In Messi’s previous four World Cups, Argentina had made the final just once, losing to Germany in 2014. Pele, Maradona, Beckenbauer, Ronaldo (the original, not the later, lesser version), Zidane – all the other greats were World Cup champions.

At 35, Messi said before the tournament this would “surely” be his last World Cup, a statement he repeated several times over the last month, and winning the title became the driving force for both him and his Argentina teammates.

“We’re going to play the last game,” Messi said after Argentina beat Croatia to reach the final. “That’s what we wanted.”

What they wanted was to win the World Cup. And now they have it. 

Messi snuck a kiss of the Jules Rimet trophy when he went to collect his Golden Ball award. The Argentina fans were whistling and cheering, and his teammates jumping up and down when it came time to collect it for real. 

Messi rubbed his hands in glee, looking very much like a kid about to be turned loose on his Christmas presents, as he waited for FIFA president Gianni Infantino to stop talking and give him the trophy. When he got his hands on it, he held it like one of his children, slowly walking in front of his bouncing teammates before finally holding it aloft, setting off cheers that echoed from the Middle East to South America and beyond. 

As ordained as this all felt, it didn’t come easily. 

Mbappe revives France late in game

France looked off from the beginning of the game, slowed either by a flu that hit its camp this week or the weight of chasing history of its own as it tried to become the first team in 60 years to repeat as World Cup champion. Argentina took full advantage.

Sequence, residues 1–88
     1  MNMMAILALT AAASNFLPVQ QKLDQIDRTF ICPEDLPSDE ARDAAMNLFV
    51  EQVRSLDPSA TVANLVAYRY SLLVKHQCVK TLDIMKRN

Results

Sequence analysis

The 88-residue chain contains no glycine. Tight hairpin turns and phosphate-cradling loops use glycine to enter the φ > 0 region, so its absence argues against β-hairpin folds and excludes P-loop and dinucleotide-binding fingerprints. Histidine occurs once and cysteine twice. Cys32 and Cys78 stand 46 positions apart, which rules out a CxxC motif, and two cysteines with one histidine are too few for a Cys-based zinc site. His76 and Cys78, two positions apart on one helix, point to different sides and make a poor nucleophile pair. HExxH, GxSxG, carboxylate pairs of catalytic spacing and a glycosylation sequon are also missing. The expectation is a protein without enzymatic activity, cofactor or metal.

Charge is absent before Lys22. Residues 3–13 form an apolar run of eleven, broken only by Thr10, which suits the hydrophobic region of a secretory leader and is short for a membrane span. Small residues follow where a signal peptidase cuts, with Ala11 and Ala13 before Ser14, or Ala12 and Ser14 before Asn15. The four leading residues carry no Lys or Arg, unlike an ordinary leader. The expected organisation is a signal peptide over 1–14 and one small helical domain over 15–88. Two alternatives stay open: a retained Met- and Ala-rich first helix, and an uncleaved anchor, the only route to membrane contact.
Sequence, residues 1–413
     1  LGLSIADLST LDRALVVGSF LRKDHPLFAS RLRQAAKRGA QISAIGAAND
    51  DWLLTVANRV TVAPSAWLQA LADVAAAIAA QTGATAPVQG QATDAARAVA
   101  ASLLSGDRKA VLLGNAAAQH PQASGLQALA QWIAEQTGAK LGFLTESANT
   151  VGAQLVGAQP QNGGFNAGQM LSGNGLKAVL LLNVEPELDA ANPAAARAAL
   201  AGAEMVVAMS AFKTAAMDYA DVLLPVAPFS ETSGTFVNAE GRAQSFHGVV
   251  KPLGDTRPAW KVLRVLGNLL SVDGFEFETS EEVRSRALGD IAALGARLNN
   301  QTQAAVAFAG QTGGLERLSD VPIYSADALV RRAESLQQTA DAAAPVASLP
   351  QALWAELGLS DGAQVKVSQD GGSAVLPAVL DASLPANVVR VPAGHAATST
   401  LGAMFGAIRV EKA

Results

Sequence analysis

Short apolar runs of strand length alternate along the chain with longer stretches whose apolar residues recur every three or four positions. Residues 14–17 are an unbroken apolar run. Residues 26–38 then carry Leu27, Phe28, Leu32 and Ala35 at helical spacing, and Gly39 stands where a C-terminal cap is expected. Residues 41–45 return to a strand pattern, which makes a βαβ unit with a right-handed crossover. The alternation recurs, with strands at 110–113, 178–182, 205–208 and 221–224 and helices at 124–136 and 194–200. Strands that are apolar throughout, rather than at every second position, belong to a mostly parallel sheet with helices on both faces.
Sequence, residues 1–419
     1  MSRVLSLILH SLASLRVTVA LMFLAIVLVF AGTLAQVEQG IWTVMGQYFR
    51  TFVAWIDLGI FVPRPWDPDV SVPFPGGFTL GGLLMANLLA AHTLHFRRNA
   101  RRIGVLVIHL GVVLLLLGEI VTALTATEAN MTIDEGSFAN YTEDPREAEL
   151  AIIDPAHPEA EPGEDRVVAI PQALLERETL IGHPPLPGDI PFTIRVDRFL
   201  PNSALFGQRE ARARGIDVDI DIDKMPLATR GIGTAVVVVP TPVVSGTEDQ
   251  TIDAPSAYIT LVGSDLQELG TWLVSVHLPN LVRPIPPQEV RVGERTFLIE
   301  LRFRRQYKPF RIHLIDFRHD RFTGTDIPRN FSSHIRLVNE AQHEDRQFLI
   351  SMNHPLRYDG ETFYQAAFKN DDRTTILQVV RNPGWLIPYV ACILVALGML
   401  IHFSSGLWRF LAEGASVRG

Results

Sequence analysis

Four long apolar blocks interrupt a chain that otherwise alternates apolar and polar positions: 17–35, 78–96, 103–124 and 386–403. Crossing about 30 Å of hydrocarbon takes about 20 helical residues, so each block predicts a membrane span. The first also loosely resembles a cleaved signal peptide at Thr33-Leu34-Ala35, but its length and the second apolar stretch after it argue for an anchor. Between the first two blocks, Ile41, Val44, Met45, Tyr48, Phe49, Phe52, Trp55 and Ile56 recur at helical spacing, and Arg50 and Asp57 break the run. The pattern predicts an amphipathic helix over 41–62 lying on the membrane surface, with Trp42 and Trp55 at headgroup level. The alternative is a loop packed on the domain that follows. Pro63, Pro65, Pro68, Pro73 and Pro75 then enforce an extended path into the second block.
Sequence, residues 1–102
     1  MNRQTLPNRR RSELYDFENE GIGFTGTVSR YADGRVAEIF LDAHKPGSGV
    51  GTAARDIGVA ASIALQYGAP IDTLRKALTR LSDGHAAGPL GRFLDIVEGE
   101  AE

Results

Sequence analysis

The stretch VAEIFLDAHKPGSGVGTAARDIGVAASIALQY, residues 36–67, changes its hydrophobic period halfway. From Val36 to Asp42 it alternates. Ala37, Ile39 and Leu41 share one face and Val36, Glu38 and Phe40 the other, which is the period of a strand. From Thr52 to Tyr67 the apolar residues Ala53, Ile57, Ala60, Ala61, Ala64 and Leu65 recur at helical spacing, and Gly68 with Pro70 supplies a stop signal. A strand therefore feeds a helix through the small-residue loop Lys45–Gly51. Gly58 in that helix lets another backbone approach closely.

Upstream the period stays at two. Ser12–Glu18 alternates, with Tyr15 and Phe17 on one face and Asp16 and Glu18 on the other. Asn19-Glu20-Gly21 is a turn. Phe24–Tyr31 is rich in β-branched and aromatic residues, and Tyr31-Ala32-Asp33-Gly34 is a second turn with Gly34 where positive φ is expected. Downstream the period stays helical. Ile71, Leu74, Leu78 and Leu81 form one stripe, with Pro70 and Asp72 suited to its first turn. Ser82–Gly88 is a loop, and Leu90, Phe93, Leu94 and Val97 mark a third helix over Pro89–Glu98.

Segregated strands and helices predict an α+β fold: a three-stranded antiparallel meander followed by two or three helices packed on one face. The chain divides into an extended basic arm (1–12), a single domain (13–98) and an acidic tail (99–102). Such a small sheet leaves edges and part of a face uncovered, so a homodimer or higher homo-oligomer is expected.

In the 23rd minute, Messi converted the penalty won by Angel Di Maria, making him the first man to score in the group stage and every game in the knockout rounds.

In the 36th minute, Argentina picked off France in Les Bleus territory. Messi got the ball around midfield and flicked it to Julian Alvarez, who 10 years ago had taken a photo with his idol. Alvarez played the ball to Alexis Mac Allister, who left France’s defense in the dust before spying on a wide-open Di Maria on the left wing.

He crossed to Di Maria, who beat Lloris easily for the insurance goal. 

But Mbappe, who has earned every comparison to both Messi, his teammate at Paris Saint-Germain, and Pele, single-handedly revived France. 

He converted a penalty in the 80th and then, 90 seconds later, capitalized on a turnover by Messi to beat Martinez and tie the game. Messi put Argentina back in front in extra time, tapping in the rebound in the 108th minute after Lautaro Martinez’s shot bounced off Hugo Lloris’ chest.

Mbappe had one last bit of heroics in him, converting his second penalty in the 118th minute. That would give him eight goals for the tournament and, with one more than Messi, the Golden Boot. 

But Messi, at long last, has the title that matters most: World Cup champion. 

Follow USA TODAY Sports columnist Nancy Armour on Twitter @nrarmour.